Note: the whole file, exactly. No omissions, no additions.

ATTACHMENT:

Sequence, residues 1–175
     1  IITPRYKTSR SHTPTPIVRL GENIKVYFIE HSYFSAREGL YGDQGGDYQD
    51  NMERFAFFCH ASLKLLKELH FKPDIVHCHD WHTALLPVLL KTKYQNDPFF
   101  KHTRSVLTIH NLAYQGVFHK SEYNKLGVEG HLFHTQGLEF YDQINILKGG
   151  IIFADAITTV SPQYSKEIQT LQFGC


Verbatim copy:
Sequence, residues 1–175
     1  IITPRYKTSR SHTPTPIVRL GENIKVYFIE HSYFSAREGL YGDQGGDYQD
    51  NMERFAFFCH ASLKLLKELH FKPDIVHCHD WHTALLPVLL KTKYQNDPFF
   101  KHTRSVLTIH NLAYQGVFHK SEYNKLGVEG HLFHTQGLEF YDQINILKGG
   151  IIFADAITTV SPQYSKEIQT LQFGC